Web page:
That the book market is struggling, is well known by now. In the battle between paper and ereader, things are getting tough. Publishers actually consider digital reading a form of theft. Are you allowed to cut up, lend, give away, resell and burn a bought paper book apart from reading it, with an ebook you are not allowed to do any of that.
Last week, it was announced that Dutch publishers will monitor their customers' reading behaviour via digital watermarks. Through one of the many loopholes in privacy laws, they are allowed to keep that data (what do you read, where do you read, who reads along, what else do you buy, do you ever copy?) for two years.
Worse, they may also pass that data on to the private security firm BREIN, which may proceed with prosecution in case of observed violation of the reading licence.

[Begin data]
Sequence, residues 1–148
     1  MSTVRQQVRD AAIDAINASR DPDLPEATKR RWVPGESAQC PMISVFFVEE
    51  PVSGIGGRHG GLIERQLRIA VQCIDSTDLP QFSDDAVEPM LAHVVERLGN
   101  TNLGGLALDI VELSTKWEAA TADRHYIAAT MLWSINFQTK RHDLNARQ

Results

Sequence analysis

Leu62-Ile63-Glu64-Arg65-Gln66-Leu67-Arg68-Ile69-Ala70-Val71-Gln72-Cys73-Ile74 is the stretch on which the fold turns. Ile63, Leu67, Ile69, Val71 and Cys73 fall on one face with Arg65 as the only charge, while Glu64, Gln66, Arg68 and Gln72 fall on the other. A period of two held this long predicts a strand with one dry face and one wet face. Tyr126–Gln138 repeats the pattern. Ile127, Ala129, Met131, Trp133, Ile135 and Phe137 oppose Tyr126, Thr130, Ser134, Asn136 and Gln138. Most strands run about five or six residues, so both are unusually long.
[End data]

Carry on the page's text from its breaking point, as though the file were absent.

If the connection between BREIN and the Dutch booksellers is already serious, it is even worse when you are at the mercy of the private search company Google. That company likes to stay friends with the whole world, and that's tricky when part of that world is dictatorship, or does not do business with Google (the latter they really mind).
Singapore appears to be a state with a bad relationship with Google: you can't buy books through the Google Play Bookstore. And if you arrive in Singapore with an iPad or ereader full of legally purchased books, Google erases all your books from your tablet.
This kind of behaviour will be perpetuated for some time to come, as publishers and internet giants prefer to focus on stopping abuse rather than making it easier to use. Preliminary you can, via a proxy, amply fulfilling your literary needs.
Until Brein, Google or someone else demands the right to search further into your computer for your hidden cultural desires.